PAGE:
6th Guard Marathon-I’ll Take It!

This was, as I said, my 6th National Guard Marathon.  I trained super hard for the race this year, with my sights set on a sub 3 hour marathon.  As race day approached, I felt this may not be within my grasps, but I still focused on running as best as I could.  The end result:  A very, very well run race.

It was quite chilly on race morning, and I elected to wear a long sleeve shirt  with gloves and my Zensah recovery sleeves.  I took off the long sleeve shirt and stayed in my singlet, but the temperature proved cool enough to leave the gloves on.  I started off the marathon quite easily, doing the first mile in 8 flat.  I picked up the pace after that, but had trouble doing anything quicker than 7:30 pace, worried about dying in the second half of the race.  I hit the 5K mark in 24:48, quite different from last year’s 21:53 for the same split.  I did my best to run quickly and efficiently, but not to the point it felt like a tempo run.  I was enjoying the cool day out.  All the spectators were bundled up quite well this year.  I hit the 10K mark in 48:19, still over 3 minutes slower than last year, but but this time, I had “settled” into my pace and was running 7:30s consistently.  After mile 7 I hit a big hill and blasted down the other side.  As I continued through the first half, I wondered what my time would be.  Could I hope for a 3:05 or better?  I was running based purely on effort, and what I thought I could maintain for the whole marathon.  After the 1st 10 miles I noticed my left quadricep muscle was aching.  I hoped it wouldn’t cramp up later in the race.  Not too long after that, I hit the half marathon mark in 1:40:12.  I was quite off pace from last year (1:34) but I knew a solid performance in the latter portion of the race could more than make up for it.  Once I knew the time for the half, I simply sought to beat my time from last year, 3:13:58, but by a large margin.  I thought I could get close to 3:10 if everything worked to my advantage.  This was not to be, but I’ll continue the story.  Between the half marathon and the 18 mile mark, my goal was to maintain a 7:18 mile.  From there, I would bump the pace down to 7:08 if my body would take it.  Boy, did I surprise myself!  I ran the stretch between the half marathon and the 25K mark at 7:12 pace.  From the 25K mark to the 20 mile mark, I averaged 7:07.  I was really hurting by this point.  Nothing felt good, and my left quadricep felt like it was about to seize up on every step.  I hoped it would keep working.  From mile 20, it was guts or glory.  I aimed to run every mile under 7 minutes.  I paid dearly and nearly reached my pain threshold.  I battled my body, which craved mercy.  I do believe my experience of the course allowed my mind to push to the very end, a sort of subconscious effort, knowing exactly how far the finish was.  As I sped past my hopelessly failing competition, I pushed into overdrive.  I could see the stadium approaching, where I would soon be finishing at the 50 yard line.  I dropped my pace down to flat 6 for the last 3/4 of a mile.  I blasted into the stadium, setting a new Lincoln best of 3:12:20.  My legs collapsed from muscle failure after crossing the finish line.  I couldn’t even bear the thought of a massage, due to how much I hurt.  It was my absolute best.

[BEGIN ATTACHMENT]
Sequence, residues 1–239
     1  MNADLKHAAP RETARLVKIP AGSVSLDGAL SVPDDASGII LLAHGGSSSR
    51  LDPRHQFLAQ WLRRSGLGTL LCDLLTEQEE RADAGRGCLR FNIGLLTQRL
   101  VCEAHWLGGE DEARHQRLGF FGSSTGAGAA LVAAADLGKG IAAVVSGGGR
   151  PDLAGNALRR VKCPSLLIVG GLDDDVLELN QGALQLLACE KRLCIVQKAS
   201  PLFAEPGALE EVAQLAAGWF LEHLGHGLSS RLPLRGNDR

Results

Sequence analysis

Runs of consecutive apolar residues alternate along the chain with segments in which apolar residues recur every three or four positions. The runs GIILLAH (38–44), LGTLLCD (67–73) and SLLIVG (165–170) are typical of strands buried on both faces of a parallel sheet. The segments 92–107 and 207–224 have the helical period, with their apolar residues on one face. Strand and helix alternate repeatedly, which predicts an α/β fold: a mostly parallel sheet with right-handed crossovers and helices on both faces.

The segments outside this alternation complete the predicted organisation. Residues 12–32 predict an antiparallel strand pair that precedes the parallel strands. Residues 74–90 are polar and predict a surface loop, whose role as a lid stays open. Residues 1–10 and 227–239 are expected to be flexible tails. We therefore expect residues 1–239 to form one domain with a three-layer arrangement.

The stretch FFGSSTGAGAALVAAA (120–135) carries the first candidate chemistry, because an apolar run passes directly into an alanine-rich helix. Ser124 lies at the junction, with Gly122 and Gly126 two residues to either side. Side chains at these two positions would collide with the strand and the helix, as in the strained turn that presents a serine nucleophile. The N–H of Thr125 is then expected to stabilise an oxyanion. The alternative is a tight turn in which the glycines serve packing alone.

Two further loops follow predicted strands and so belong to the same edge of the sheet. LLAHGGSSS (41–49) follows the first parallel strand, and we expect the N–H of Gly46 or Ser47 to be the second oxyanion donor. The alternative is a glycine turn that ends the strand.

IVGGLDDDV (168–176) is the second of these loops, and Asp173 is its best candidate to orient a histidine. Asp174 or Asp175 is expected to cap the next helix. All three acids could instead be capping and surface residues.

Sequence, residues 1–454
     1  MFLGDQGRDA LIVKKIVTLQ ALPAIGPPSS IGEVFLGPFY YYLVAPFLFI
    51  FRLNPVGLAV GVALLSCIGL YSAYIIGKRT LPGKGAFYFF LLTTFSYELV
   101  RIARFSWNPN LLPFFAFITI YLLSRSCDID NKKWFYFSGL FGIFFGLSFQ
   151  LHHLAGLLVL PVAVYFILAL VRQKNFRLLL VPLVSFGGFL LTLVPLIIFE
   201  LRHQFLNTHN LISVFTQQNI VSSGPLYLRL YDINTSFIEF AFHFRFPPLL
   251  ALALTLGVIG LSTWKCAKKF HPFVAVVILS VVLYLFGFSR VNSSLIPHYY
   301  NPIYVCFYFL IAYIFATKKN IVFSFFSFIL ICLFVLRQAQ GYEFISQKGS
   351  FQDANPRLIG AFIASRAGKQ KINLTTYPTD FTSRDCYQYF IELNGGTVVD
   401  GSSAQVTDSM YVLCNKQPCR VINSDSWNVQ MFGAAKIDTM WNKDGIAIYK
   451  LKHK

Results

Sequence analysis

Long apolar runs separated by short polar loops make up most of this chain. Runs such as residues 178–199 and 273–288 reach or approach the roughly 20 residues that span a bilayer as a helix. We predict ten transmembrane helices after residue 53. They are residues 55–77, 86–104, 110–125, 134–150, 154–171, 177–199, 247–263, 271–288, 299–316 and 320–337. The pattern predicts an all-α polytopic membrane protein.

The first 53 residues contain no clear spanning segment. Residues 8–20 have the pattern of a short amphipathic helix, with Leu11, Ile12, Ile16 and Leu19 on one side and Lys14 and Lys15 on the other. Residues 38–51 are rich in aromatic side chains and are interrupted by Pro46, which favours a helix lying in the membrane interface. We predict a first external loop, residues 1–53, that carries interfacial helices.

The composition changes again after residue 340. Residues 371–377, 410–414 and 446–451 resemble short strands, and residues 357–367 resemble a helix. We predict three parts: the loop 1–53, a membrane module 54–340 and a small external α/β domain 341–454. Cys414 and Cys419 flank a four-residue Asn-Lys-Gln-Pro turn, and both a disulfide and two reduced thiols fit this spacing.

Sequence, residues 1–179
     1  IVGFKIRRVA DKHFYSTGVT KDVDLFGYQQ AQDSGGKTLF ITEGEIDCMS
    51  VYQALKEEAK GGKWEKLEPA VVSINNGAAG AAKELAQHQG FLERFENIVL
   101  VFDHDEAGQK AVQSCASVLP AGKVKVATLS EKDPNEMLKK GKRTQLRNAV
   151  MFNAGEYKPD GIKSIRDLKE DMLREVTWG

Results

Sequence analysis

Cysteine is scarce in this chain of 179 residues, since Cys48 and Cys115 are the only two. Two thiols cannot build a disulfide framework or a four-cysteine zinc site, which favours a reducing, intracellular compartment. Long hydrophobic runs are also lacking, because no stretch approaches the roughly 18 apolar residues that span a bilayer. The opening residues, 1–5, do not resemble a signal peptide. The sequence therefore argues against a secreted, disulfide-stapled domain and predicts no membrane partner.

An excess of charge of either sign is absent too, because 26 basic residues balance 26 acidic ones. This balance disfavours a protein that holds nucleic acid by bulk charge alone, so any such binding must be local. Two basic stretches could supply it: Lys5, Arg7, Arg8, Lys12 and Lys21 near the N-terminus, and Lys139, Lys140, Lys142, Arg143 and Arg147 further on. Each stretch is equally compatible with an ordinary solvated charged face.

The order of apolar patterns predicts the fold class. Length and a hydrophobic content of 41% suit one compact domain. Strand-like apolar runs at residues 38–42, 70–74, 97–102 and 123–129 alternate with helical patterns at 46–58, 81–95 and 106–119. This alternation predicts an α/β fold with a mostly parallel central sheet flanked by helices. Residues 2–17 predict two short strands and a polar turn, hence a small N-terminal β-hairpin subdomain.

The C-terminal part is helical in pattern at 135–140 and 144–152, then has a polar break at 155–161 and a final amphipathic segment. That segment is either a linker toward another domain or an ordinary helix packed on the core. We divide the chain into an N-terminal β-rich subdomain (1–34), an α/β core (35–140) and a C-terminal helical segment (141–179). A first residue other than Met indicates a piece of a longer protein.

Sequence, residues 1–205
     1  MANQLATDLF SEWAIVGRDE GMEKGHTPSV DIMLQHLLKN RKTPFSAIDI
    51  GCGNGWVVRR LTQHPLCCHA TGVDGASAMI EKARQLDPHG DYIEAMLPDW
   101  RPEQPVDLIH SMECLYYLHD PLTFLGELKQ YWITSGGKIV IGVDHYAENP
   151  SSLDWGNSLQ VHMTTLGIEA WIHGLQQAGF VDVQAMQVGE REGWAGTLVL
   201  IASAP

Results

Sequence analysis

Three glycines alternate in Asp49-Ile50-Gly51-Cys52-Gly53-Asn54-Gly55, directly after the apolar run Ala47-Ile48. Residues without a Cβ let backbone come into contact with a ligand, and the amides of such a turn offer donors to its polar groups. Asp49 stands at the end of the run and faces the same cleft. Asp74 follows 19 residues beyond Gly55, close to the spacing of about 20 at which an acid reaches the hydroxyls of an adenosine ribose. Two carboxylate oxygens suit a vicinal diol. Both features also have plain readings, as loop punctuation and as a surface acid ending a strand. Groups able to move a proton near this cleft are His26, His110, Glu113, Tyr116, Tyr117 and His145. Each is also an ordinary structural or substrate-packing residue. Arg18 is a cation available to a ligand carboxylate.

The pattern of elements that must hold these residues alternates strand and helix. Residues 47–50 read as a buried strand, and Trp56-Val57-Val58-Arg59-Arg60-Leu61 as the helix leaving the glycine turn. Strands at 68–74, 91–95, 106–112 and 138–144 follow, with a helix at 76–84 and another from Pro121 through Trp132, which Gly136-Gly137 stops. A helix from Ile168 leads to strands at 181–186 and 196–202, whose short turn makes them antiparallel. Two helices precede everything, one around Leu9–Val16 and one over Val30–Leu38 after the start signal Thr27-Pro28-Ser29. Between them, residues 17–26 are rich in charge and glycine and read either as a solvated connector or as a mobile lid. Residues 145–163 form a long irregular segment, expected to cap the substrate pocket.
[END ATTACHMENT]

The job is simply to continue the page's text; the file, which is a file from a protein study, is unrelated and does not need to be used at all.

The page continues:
I didn’t make the All-Guard Team again this year (I would have had to run a 3:04 marathon to do so),  but I did make the grade as an alternate, in case they need a spot filled for a race.  My race was perfect.  You can see my splits below, courtesy of MTEC results:



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